by Roderick Conway Morris

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Contemporary Italian Sculpture in a Tuscan Hilltop Town


By Roderick Conway Morris
SAN GIMIGNANO 13 August 1994

 

'This place is miserably poor,' observed a turn-of-the-century English traveler, a situation radically reversed in our times by the revival of the local Vernaccia white wine and a thriving tourist industry, thanks to the unique state of preservation of this Tuscan hilltop town's cluster of soaring medieval towers that can be seen from miles away. Though making a comfortable living from its past, San Gimignano has now launched itself into the unknown with 'Affinities', a project offering five modern sculptors carte blanche to chose a site anywhere in the town, and install a new work there permanently.

San Gimignano was for centuries politically closer to Florence than Siena - but artistically, as its frescoes still bear witness, it was Siena that held sway. So, appropriately enough, it is the 500-year-old Sienese bank, Monte dei Paschi, that has financed the whole operation.

'The bank commissioned its first work, a fresco of the Madonna, in 1481,' said Donatella Capresi, the curator of the Monte dei Paschi's art collection. 'In recent years the bank has concentrated on buying back works by Renaissance and later Sienese artists that left the city for various reasons. But we think it's very important to revive the idea of commissioning public art works, something that has unfortunately become rare in Italy.'

To select the artists the bank called in the art historian and critic Giuliano Briganti, a well-known expert on Mannerism, but who later in his career took an intense interest in contemporary art. The five artists finally chosen - Fabro, Kounellis, Mattiacci, Nunzio and Paolini - were given a completely free hand in the location and type of work executed, a considerable act of faith by the town's authorities, given that none of the artists produces 'traditional' sculptures.

The resulting works nearly all show that their modernist makers did indeed go in search of affinities with the past, and approached San Gimignano's existing charms with respect. Interestingly, all but one of them chose sites in relatively unfrequented, out-of-the-way, corners - a commendable strategy, since by going in search of them the visitor is introduced to rougher, less polished facets of the town and oases of calm beyond the well-trodden paths.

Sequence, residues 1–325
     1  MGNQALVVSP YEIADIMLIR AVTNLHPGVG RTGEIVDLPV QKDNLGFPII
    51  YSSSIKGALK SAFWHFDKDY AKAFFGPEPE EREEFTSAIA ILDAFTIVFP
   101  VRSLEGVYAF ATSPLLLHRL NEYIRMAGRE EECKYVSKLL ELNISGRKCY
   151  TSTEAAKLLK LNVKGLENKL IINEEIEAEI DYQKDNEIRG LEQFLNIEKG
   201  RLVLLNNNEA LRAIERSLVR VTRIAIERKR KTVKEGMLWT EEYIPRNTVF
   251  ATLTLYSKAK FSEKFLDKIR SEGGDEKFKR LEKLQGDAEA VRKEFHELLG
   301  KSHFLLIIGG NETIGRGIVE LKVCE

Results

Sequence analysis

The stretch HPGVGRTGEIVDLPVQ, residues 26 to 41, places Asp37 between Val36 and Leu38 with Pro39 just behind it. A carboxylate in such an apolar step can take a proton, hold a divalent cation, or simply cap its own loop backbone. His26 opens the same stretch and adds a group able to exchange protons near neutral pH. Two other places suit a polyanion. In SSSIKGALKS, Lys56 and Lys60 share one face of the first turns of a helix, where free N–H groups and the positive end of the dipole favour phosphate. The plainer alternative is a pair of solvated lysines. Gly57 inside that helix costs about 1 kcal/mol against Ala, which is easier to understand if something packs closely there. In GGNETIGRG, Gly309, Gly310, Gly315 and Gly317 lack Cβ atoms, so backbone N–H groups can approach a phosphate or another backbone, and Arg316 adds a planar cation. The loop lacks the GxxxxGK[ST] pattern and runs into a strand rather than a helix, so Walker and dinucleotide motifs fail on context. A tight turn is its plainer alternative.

The youngest of the artists, the 40-year-old Nunzio (all the others are in their fifties), usually works in stark materials, such as stone, burnt wood and base metals, but in San Gimignano he found Vicolo del Bongi, a high, narrow, medieval vaulted passageway off the main street, and lined a series of its arches with metal laminated with gold. The beautiful, changing light effects, inescapably recall those of the sumptuous gold backgrounds of the 13th- and 14th-century Sienese masters, and when Nunzio explains in his notes that his intention was 'to find a relationship of continuity... so as to annul the historical distance that separates the place from the modern world', he could be said to be articulating what most of his fellow artists seem to have been trying to achieve in their different fashions.

Jannis Kounellis, Greek by birth, but long-settled in Italy, responded to the challenge by building an arresting work in the hushed, almost forgotten courtyard in front of the 11th-century San Jacopo church just within the city walls. The ringer of the bell atop his tall, deceptively simple tower is firmly anchored to the ground by a sloping girder. As Kounellis comments: 'this work resembles a bell-tower, with the difference that it has a bewitched bell that cannot move, and can be seen not to be able to move.' The tower echoes the style of the belfry of the church, but is placed so as not to interfere with the view of it. But in the afternoon it casts on its facade a mysterious silhouettte in the shape of a roadside calvary - a nice paradox of the present casting its shade upon the past.

Giulio Paolini, meanwhile, has filled a space left blank by a long-gone sundial on the side of the Sant'Agostino church, with an engaging replacement in fresco in which the design of intertwined planetary trajectories is heightened by the shadows of lines scored into the wet plaster, and the traditional gnomon takes the form of an elegant bronze pencil, projecting like an arrow from a target.

Eliseo Mattiacci, on the other hand, has ascended the Rocca, the remains of the ancient fortress at the summit of the town, which commands a wonderful view of the the rolling, cypress-dotted Tuscan countryside. At the end of a buttress that runs out into the void, Mattiacci has fixed a long girder, balanced on a great steel ball - which he has dubbed 'Equilibrio compresso' (full/contained/understood equilibrium).

This is potentially the most intrusively-placed installation in terms of the town's historic ambience. Yet the piece's harsh military undertones, its suggestions of war and peace, and the sheer bravado of its unexpected, almost alarming precariousness, make it striking and thought-provoking. It is, moreover, placed in such a way just below the castle keep, that it can either be looked at and enjoyed, or overlooked.

The final work, by Luciano Fabro, a flat, red steel sculpture composed of superimposed, fragmented outline maps of Italy, attached to a bar projecting over a sloping street just of Piazza Duomo, seems the least related to its setting, or to San Gimignano as a whole, though its resemblance from a distance to a ragged banner or inn sign save it from being utterly out of place. All in all, the San Gimignano experiment is a considerable success - and an unusual, but fitting, monument to Giuliano Briganti, who sadly died before he could see it completed.


First published: International Herald Tribune

© Roderick Conway Morris 1975-2016